Dog Years is the third work of the Danzig trilogy, following Günter Grass’s first novel, Die Blechtrommel (1959; The Tin Drum, 1961), and his novella Katz und Maus (1961; Cat and Mouse, 1963). All three works revolve around the former free state where the author was born and raised, and all deal roughly with the same time period: the years leading up to World War II, the war itself, and the years immediately following the war. A sprawling, dense, difficult work, Dog Years is a novel of multiple layers that—prefiguring the theme of the author’s later confessional memoir, Beim Häuten der Zwiebel (2006; Peeling the Onion, 2007)—adds depth, texture, and flavor with each layer penetrated.
At its most basic, Dog Years is a rollicking tale of sweeping dimensions in the manner of François Rabelais, Miguel de Cervantes, or Jonathan Swift. By turns deadly serious, playfully philosophical, and mordantly satirical, the novel is first a study of interacting character types. The sensitive artist (Eddi), self-absorbed actor (Walter), naïve poet-playwright (Harry), bubbly ballerina (Jenny), stoic miller (Anton), and the rest are profoundly and individually affected by events over which they have no control. Each is swept up into the prewar fervor of a Teutonic military renaissance under the Nazis, where extraordinary measures become everyday occurrences. Each is churned in the horror of a global conflict that begins triumphantly and ends disastrously for Germany. Survivors are spit into a ruined wasteland and left to fend for themselves. The novel contains passages that have become Grass’s trademarks: vivid description and startling brutality.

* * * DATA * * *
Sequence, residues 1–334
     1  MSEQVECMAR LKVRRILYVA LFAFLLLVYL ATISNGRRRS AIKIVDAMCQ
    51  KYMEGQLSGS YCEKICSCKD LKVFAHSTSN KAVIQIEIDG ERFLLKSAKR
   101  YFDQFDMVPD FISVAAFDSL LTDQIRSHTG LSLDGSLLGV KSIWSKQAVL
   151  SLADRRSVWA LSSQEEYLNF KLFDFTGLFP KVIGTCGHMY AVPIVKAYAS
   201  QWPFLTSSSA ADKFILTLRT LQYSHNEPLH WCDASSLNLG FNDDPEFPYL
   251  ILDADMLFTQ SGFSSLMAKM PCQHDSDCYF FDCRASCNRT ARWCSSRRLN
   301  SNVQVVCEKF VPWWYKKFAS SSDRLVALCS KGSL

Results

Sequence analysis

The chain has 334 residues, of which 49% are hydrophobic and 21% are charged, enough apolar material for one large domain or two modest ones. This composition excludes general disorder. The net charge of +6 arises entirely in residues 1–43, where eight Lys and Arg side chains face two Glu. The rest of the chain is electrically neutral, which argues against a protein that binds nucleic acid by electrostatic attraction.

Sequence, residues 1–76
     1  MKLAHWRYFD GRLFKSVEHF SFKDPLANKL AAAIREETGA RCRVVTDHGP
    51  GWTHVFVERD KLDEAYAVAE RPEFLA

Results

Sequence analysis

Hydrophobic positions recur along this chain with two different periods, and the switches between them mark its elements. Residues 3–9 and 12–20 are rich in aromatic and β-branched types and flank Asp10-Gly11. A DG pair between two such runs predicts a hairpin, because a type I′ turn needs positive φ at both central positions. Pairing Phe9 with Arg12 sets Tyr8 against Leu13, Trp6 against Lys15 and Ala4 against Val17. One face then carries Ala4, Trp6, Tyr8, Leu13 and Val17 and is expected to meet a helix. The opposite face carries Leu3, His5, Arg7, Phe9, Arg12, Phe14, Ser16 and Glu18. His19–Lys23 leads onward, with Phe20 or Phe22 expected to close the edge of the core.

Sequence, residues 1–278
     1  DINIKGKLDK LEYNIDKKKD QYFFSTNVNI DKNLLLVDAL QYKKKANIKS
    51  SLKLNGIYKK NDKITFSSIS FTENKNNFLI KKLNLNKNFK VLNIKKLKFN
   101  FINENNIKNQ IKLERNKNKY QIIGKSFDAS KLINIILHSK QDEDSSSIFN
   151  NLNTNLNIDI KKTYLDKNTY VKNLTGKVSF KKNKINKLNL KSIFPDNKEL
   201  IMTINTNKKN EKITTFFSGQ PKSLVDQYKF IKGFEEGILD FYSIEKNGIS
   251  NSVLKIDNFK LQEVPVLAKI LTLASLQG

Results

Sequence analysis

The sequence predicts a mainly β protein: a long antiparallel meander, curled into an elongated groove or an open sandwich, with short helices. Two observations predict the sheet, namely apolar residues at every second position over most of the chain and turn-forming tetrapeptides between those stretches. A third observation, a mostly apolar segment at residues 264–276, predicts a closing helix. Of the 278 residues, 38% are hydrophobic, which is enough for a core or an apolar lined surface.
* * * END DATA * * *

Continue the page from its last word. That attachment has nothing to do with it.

Grass also uses symbols in the novel. Three primary motifs recur: rivers, scarecrows, and dogs. For Grass, rivers represent ancient constants—indifferent to changing borders—in a fast-moving modern world. Equally important to the plot is the Vistula River, which has a real presence: It delivers the raw materials (dead animals, discarded clothing, broken furniture, and sodden paper that wash up...
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